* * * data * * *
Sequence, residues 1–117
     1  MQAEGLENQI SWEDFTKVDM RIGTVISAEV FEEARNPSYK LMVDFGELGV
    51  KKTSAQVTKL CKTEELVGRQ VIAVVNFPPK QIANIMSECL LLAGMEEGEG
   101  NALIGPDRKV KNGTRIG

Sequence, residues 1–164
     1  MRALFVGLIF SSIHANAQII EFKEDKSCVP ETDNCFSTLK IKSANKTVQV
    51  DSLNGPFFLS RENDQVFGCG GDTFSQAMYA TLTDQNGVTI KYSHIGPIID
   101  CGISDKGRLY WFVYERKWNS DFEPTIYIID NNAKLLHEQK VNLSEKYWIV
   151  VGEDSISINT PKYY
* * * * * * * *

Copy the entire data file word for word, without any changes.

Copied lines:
Sequence, residues 1–117
     1  MQAEGLENQI SWEDFTKVDM RIGTVISAEV FEEARNPSYK LMVDFGELGV
    51  KKTSAQVTKL CKTEELVGRQ VIAVVNFPPK QIANIMSECL LLAGMEEGEG
   101  NALIGPDRKV KNGTRIG

Sequence, residues 1–164
     1  MRALFVGLIF SSIHANAQII EFKEDKSCVP ETDNCFSTLK IKSANKTVQV
    51  DSLNGPFFLS RENDQVFGCG GDTFSQAMYA TLTDQNGVTI KYSHIGPIID
   101  CGISDKGRLY WFVYERKWNS DFEPTIYIID NNAKLLHEQK VNLSEKYWIV
   151  VGEDSISINT PKYY